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Cop Shot During Boston Marathon Attacks Says There's No Joy In Guilty Verdict, Just Relief

After the conviction of Boston bomber Dzhokhar Tsarnaev was announced, the MBTA police officer who was shot during the 2013 attacks spoke with BuzzFeed News.

Posted on April 8, 2015, at 4:19 p.m. ET

MBTA Officer Dic Donohue in November 2013, six months after he was injured in a gunfight with the Tsarnaev brothers.

MBTA Officer Dic Donohue in November 2013, six months after he was injured in a gunfight with the Tsarnaev brothers.

BOSTON — After the conviction of Boston Marathon bomber Dzohkhar Tsarnaev on all 30 counts was announced Wednesday, Richard "Dic" Donohue, a Massachusetts Bay Transportation Authority officer who was shot during the attacks, told BuzzFeed News that he expected the verdict.

"If it had gone any differently, I would have been floored," he said.

In the early hours of April 19, 2013, Donohue was shot in the leg during the firefight with the Tsarnaev brothers in Watertown, Massachusetts, three days after the marathon bombings. Bleeding from his groin on the pavement, Donohue almost died as another officer performed CPR on him at the scene.

A regular attendee at the trial, Donohue wasn't in the courtroom Wednesday to hear the verdict. Asked how he learned the news that Tsarnaev had been found guilty, he said, "On my phone, following on the Twitter."

Donohue said he and his wife, Kim, spent the day at their home outside Boston anxiously awaiting the verdict.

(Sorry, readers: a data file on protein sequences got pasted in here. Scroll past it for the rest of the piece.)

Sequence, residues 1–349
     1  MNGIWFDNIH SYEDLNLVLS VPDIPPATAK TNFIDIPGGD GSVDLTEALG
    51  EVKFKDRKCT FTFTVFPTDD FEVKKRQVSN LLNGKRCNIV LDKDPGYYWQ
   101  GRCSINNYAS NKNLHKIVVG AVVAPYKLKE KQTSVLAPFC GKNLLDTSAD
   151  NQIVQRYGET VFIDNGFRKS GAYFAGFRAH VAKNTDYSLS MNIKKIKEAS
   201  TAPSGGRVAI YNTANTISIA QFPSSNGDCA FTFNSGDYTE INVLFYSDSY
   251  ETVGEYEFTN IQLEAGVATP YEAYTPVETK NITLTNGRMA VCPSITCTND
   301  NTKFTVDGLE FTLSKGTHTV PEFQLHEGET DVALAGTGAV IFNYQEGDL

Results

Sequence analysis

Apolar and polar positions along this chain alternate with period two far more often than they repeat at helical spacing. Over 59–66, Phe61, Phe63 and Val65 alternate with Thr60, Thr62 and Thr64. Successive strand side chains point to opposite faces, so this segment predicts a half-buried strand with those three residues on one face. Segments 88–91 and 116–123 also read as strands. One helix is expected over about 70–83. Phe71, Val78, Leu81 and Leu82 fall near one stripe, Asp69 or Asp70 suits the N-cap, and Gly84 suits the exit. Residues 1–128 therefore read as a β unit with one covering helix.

"All day when you hear it's coming out — I was amped up waiting," Donohue said. "I was just so excited and anxious beforehand, and it was a relief. The checks were in the right boxes."

A federal jury on Wednesday found Tsarnaev guilty of conspiring to use a weapon of mass destruction — the top charge — and causing the deaths of Krystle Campbell, Officer Sean Collier, Lingzi Lu, and Martin Richard. The convictions make him eligible for the death penalty.

As he watched the tweets marking each of the counts as guilty, Donohue said he felt "satisfied, but not happy."

"None of this brings me any joy," he said. "I'm satisfied that the jury found the defendant guilty across the board."

Almost two years after the attack, Donohue said he's still recovering.

"It's been a long road," he said. "I have pain every day. It's something I live with and I deal with."

Donohue added that he and Kim had very little reaction as they sat at home following the news of the verdict. Then, once it was over, "we both looked at each other and said, 'That's it.'"

"You kind of wait until you get to [count] No. 30. When you get to No. 30, it's a huge relief," Donohue said.

Victims and surviving family members of those who were killed in the Boston Marathon bombing also applauded the jury's decision at a news conference Wednesday.

Speaking on behalf of the victims and their families, bombing survivor Karen Brassard told reporters that the legal process has been difficult, "but we've gotten through it together."

The trial now moves to the sentencing phase, when the jury will decide whether to impose a sentence of life in prison without parole or death.

Of the 30 counts Tsarnaev was found guilty of on Wednesday, 17 of them carry the possibility of the death penalty.

Accused --> Convicted. Across the board.

First, I want to thank everyone for supporting me and my family over the last two years. Although we cannot change the past, including (1/3)


the loss of a friend and fellow police officer, justice has been served today. We have again shown, as a society, that terrorism will (2/3)

not prevail, and we will hold those accountable for their acts against our nation. God Bless America. (3/3)